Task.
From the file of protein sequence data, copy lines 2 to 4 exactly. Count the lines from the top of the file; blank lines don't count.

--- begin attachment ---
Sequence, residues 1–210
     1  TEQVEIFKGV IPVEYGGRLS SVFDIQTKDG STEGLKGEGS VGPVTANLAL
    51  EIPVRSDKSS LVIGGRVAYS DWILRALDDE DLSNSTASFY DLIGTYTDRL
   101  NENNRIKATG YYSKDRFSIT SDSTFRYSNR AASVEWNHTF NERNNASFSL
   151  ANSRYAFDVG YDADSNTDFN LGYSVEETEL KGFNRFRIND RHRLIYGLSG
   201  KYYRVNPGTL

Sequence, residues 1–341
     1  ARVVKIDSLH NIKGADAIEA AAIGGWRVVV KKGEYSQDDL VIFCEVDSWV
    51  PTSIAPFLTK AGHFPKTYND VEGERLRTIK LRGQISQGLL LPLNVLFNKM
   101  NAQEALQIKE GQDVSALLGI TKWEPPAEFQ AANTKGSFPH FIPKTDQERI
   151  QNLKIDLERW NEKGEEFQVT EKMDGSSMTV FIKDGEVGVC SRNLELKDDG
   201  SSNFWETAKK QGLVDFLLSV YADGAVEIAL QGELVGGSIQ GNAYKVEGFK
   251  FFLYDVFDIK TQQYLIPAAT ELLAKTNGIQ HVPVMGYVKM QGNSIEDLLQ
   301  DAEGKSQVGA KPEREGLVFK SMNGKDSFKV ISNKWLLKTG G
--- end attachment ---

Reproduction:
     1  TEQVEIFKGV IPVEYGGRLS SVFDIQTKDG STEGLKGEGS VGPVTANLAL
    51  EIPVRSDKSS LVIGGRVAYS DWILRALDDE DLSNSTASFY DLIGTYTDRL
   101  NENNRIKATG YYSKDRFSIT SDSTFRYSNR AASVEWNHTF NERNNASFSL